In the end, two things stand out that everyone has forgotten.
Car companies got their two-tiered wages; during their bankruptcies they gave hard capital to the union to administer retirees’ health care; and they’ve automated their factories even more in the interim. But that promise made to the public of being able to keep the window sticker prices way down because of all these savings? Well, let’s file that under Promises Made, Not Delivered.
Even before the current administration was voted into office last November, the car companies were moving to get rid of that two-tiered wage system they begged for just 11 years earlier. Sergio Marchionne of Chrysler was the most vocal about how unfair it was and how it needed to go away. But the new administration also has used its bully pulpit to demand, loudly, that manufacturers quit closing factories here and shipping jobs to Mexico. They have also gone on record cheering every time a company says it will increase employment in America. But here’s the irony that is just too delicious not to point out: Those who cheered for the two-tiered wage system and Detroit’s slashing its costs of doing business back then are the same ones cheering President Trump’s demand for bringing home “high-income” factory jobs.
My head is still spinning from this abrupt reversal.
For four decades they screamed about the high cost of “basically worthless” American factory workers. (Roger Smith, once chairman of GM, tore his factory workers apart in the early Nineties every chance he got, blaming them instead of his engineers for GM’s quality problems.) Then suddenly, in decade five, the new call to arms is, “How can we create more high-quality, high-paying factory jobs to make America great again?”
Well, one piece of ammo in the bully pulpit’s arsenal is an import border tax of maybe 15-percent — down from what the president-elect once threatened Ford with, but still substantial. So last week, as I was making the rounds of many dealers in Dallas/Fort Worth, I asked them how things are going. After all, January had been inconsistent for new car sales against the same month last year, but February was better. So I then asked my friends who run these dealerships, particularly the ones who import vehicles (which in fact is most of them, at least some of their most popular models), how they are going to deal with the proposed 15-percent import tariff. After all, Lexus models come out of Japan and Ram trucks come out of Mexico. Not to mention Volkswagen, Mercedes and BMW models out of Germany.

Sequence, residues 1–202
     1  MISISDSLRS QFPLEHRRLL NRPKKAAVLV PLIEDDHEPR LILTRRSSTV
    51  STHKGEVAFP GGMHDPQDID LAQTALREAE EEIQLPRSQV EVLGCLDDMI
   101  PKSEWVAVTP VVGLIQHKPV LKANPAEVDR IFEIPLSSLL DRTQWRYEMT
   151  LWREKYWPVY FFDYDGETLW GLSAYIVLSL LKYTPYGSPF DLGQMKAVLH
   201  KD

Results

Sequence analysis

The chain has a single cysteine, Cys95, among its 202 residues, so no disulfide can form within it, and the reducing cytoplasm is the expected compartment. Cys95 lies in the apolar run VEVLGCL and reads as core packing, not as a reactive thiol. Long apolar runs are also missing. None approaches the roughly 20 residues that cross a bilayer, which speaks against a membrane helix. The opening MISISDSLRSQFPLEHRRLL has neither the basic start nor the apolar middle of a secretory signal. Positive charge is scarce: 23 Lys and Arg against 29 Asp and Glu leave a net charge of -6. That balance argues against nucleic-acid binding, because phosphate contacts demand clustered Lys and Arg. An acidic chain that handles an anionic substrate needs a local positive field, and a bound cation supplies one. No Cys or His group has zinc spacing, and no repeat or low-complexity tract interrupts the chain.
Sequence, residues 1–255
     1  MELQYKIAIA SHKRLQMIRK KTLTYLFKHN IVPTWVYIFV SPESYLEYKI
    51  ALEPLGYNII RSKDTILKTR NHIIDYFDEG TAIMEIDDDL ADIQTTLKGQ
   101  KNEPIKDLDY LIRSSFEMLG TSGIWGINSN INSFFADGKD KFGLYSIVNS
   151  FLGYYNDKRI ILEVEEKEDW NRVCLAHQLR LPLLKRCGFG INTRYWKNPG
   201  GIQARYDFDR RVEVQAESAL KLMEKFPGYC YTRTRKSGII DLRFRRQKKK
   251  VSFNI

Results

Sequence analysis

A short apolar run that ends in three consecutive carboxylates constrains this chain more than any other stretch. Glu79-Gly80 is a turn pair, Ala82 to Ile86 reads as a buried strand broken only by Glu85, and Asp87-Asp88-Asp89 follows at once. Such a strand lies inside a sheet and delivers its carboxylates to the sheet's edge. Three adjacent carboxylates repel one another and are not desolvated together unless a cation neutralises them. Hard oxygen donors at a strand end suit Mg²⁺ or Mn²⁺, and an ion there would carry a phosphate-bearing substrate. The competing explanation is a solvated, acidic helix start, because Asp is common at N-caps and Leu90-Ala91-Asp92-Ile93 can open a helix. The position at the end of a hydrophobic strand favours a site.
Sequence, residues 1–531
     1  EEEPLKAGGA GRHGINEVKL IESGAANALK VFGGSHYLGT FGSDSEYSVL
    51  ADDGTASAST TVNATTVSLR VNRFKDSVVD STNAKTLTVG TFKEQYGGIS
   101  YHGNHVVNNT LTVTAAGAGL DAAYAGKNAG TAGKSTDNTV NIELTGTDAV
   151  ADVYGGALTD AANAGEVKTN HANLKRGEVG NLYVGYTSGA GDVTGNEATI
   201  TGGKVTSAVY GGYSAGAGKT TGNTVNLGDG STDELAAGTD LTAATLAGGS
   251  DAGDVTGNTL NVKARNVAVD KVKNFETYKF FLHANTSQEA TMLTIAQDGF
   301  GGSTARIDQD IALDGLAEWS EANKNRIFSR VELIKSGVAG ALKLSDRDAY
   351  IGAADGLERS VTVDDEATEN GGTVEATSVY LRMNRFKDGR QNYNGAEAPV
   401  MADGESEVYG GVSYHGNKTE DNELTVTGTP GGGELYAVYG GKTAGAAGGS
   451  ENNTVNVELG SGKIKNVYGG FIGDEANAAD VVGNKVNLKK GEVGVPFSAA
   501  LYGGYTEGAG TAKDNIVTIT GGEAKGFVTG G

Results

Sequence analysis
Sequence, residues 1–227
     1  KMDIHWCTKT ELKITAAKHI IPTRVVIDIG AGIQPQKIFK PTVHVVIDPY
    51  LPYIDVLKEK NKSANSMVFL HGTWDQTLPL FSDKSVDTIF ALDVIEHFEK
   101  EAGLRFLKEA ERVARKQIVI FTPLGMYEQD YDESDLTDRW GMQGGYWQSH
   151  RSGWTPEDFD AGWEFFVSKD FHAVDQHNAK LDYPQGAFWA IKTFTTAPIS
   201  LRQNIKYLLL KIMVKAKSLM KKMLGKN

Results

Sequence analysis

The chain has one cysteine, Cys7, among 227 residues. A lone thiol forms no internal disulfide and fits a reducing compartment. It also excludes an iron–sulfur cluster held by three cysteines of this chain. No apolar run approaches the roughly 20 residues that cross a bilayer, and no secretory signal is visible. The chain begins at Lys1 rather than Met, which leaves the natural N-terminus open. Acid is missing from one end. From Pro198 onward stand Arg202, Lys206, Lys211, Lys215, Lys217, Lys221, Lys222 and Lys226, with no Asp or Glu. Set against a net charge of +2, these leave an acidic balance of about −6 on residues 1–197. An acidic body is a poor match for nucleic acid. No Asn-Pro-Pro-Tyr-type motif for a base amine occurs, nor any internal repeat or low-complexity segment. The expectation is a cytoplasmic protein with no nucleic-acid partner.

Immediately all of them said, never gonna happen. So I had to remind them that over 50 years ago the Chicken Tariff Tax of 25- percent was placed on all imported trucks — Mexico was later exempted, thanks to NAFTA — and commercial vans, and it’s still in place. And this was also a retaliatory tariff, because Germany had put a tariff on imported chicken parts. Then I reminded them of the Luxury Tax, signed into law by President George H.W. Bush when he reneged on his campaign promise of, “Read my lips, no new taxes.” Now, that last tax was not insignificant: It was a 10-percent surcharge on any automobile sold for over $30,000. Yes, and it was much worse on aircraft; the start point was $250,000, and a Gulfstream G6 ER owner might pay out an additional $7 million in taxes. (The luxury tax went away five years ago)
These friends may be right. This pledge of a new border import tax may never happen. But if it did, and they have happened in the past, I wonder how long it would be before cases were filed in the WTO against us, or before other countries decided to put a retaliatory tax on things like Boeing or Gulfstream jets, which could price them much higher than their Airbus competitors. Or high-end computers we make here and ship overseas, or MRI machines, and so on. Ultimately, it’s an empty threat — or should be since, if we can tariff what we don’t like, they can too. And in the end, doing so probably costs us those high-paying factory jobs we suddenly love and miss in America.
Many years ago in this column I wrote about political promises dating back to the 1964 presidential campaign. Lyndon Johnson’s big promise was not to send American boys to South Vietnam to do what South Vietnamese boys needed to do for themselves. For the record, LBJ sent in the Marines less than three months after being sworn in again. Richard Nixon promised a ‘secret’ plan to end the war and to be our law and order president. Jimmy Carter was going to bring decency and integrity back to Washington. Ronald Reagan promised to cut taxes, make the government smaller and end deficits. (He did have taxes cut once, and raised six times.) The first George Bush, as stated previously, said no new taxes. Bill Clinton said he would never cheat on his wife again and would get tough on trade. The second George Bush said we should not throw our weight around in the world anymore. Barack Obama gave us change you can believe in; but, to be fair, counter staff at any 7-Eleven also give you change you can believe in, after you buy your Slurpee®.
So, eight presidents pretty much promised to do one big thing, and that one big thing is what the public loved and voted for. And once in office, they did the exact opposite. But then again, we’re a pretty fickle public, too. Ten years ago, we cheered beating the United Auto Workers into submission; and today we’re screaming to bring more high-paid factory work back to America.
How can any elected official keep up with that? But a word to the wise: You’d best follow the debate on that 15-percent border tax. It could soon become standard equipment on the vehicle you really want to buy next.
© 2017 Ed Wallace
Ed Wallace is a recipient of the Gerald R. Loeb Award for business journalism, conferred by the Anderson School of Business at UCLA. He reviews new cars every Friday morning at 7:20 on Fox Four’s Good Day and hosts the top-rated talk show, Wheels, 8:00 to 1:00 Saturdays on 570 KLIF AM. E-mail: firstname.lastname@example.org